When the WWE license was snapped up by 2K Games in the aftermath of the THQ bankruptcy, wrestling fans had high hopes for a series that had become a bit stale after many years of annual updates. WWE 2K14 was already halfway finished when 2K picked it up from the scrap heap, but it was a thoroughly enjoyable game, largely down to the retrospective 30 Years of WrestleMania mode, which allowed you to re-live famous moments from the past. In 2K15, Yukes and 2K Games have built a new game from scratch, making use of next-generation hardware – so surely this must be the wrestling title that everyone has been waiting for? Well, not quite.
The biggest difference is that the gameplay is trying to more accurately simulate the pace and tension of a real-life wrestling match, rather than presenting us with an experience closer to a fighting game. This was the focus of the development team, who made changes such as slowing the action down, adding tiered stamina bars, and implementing a new chain wrestling system, which they hope will bring some added realism to proceedings. These changes are a little hit and miss however. In the past, many people have criticised the WWE games for being too fast – but the new pace seems to have been taken too far in the opposite direction. Every time a punch or kick is thrown, it feels far too unresponsive, like wading through glue. This is fair enough later into a match, when your grapplers should be tired and beaten down, but when it happens right from the start of every bout, it’s much too slow. This reduced speed does thankfully help collision detection overall though, and you won’t see as many interrupted animations and flailing limbs that have become an unwanted trademark of the series.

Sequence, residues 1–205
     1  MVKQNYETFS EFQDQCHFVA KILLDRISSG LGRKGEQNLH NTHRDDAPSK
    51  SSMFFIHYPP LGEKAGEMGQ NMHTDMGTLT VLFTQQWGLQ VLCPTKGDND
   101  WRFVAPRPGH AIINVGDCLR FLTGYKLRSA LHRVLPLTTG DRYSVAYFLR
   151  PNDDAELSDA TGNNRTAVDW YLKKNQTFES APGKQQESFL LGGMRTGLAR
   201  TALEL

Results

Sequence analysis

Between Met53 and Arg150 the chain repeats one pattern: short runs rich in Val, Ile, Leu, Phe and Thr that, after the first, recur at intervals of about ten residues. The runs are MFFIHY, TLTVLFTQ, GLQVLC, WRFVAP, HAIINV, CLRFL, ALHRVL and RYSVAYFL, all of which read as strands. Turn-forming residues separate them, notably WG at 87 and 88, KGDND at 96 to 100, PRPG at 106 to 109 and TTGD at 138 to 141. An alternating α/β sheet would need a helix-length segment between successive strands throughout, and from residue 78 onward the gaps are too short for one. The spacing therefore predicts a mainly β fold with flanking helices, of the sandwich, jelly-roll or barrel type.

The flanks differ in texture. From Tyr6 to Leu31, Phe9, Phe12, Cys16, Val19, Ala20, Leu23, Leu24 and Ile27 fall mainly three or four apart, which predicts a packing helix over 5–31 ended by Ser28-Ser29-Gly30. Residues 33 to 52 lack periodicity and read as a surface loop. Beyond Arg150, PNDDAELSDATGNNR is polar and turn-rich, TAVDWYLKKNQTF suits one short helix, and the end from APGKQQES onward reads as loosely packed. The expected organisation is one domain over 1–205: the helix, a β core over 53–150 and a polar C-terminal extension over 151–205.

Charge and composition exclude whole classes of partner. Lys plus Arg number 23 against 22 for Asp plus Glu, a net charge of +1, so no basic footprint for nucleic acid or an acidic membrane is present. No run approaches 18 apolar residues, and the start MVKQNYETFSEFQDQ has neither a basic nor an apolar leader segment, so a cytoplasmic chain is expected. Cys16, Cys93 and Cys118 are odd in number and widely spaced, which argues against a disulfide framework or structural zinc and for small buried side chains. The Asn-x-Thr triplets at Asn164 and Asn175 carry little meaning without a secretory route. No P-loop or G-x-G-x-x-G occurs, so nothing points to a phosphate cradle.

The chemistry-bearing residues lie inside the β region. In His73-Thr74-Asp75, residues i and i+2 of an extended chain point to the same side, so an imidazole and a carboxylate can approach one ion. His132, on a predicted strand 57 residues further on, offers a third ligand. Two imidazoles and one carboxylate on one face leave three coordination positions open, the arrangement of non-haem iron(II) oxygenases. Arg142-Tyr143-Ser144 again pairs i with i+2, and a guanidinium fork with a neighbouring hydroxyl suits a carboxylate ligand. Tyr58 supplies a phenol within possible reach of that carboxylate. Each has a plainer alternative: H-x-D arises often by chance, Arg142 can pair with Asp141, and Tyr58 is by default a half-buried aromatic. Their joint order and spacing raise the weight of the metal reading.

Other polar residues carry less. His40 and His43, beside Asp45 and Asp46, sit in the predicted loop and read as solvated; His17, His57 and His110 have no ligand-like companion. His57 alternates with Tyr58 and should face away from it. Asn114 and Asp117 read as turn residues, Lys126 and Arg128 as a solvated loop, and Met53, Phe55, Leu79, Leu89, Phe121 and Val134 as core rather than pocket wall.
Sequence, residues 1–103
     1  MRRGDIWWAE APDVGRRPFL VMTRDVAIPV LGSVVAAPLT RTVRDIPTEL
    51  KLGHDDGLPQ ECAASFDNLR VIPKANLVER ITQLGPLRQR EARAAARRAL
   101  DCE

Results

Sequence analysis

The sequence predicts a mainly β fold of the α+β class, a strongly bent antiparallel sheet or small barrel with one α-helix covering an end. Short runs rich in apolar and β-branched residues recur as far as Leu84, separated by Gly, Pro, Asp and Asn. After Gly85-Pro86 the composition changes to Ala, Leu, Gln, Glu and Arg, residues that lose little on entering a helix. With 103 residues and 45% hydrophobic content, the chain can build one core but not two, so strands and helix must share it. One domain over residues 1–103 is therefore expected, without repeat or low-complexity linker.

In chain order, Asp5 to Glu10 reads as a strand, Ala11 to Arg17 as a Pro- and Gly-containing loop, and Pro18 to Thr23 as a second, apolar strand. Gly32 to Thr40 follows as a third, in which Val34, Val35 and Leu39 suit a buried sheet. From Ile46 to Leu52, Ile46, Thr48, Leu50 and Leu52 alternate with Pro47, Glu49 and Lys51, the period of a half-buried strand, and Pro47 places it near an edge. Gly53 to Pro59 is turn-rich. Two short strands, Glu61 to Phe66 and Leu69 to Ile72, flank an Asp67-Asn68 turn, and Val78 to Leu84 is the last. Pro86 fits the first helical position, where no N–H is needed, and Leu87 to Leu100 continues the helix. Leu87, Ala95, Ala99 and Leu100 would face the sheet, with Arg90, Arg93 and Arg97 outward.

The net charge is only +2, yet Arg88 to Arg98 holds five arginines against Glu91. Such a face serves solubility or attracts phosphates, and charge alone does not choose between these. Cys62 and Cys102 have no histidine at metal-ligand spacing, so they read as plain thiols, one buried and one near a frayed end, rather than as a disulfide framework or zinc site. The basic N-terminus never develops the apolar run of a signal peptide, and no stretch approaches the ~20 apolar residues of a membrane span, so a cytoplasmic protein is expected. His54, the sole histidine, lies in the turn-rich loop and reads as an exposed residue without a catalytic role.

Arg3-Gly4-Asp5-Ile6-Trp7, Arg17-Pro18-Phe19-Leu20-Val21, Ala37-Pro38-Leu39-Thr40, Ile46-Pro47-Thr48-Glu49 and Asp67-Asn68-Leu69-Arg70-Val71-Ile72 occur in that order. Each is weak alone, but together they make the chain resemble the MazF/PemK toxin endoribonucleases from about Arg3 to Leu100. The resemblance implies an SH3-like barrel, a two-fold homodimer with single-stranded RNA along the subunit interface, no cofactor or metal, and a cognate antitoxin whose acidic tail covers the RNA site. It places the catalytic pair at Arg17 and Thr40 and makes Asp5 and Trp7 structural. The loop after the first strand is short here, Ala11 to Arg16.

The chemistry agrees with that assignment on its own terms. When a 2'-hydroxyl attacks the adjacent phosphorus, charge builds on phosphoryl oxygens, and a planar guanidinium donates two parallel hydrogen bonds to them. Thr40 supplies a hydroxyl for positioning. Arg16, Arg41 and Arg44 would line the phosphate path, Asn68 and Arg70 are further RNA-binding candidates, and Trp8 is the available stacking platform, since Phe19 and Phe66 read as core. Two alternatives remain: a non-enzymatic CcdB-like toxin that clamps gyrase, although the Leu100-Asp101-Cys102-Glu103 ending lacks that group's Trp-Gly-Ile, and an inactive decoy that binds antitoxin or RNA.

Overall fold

The chain wrestling sequences are a slightly more successful addition. These take the form of a rock, paper, scissors mini-game. The two combatants enter a collar-elbow tie-up and have to try to predict which of the three buttons on-screen to select in order to gain an advantage over their opponent (headlock beats wrist-lock, wrist-lock beats waist-lock, waist-lock beats headlock). After this, both fighters use the analogue to find a sweet spot first and gain the upper hand in the hold. This mini-game can be disabled, but will only happen a few times each match – not every time you go for a grapple – and winning it gives the player a good momentum boost. This would present a nice break in the action, if it weren’t for the fact that the new game speed is so slow already.